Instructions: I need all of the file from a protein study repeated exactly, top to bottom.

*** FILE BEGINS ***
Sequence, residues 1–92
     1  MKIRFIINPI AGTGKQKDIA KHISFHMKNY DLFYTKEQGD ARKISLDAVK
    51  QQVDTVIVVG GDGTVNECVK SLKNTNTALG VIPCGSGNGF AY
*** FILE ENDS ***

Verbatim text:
Sequence, residues 1–92
     1  MKIRFIINPI AGTGKQKDIA KHISFHMKNY DLFYTKEQGD ARKISLDAVK
    51  QQVDTVIVVG GDGTVNECVK SLKNTNTALG VIPCGSGNGF AY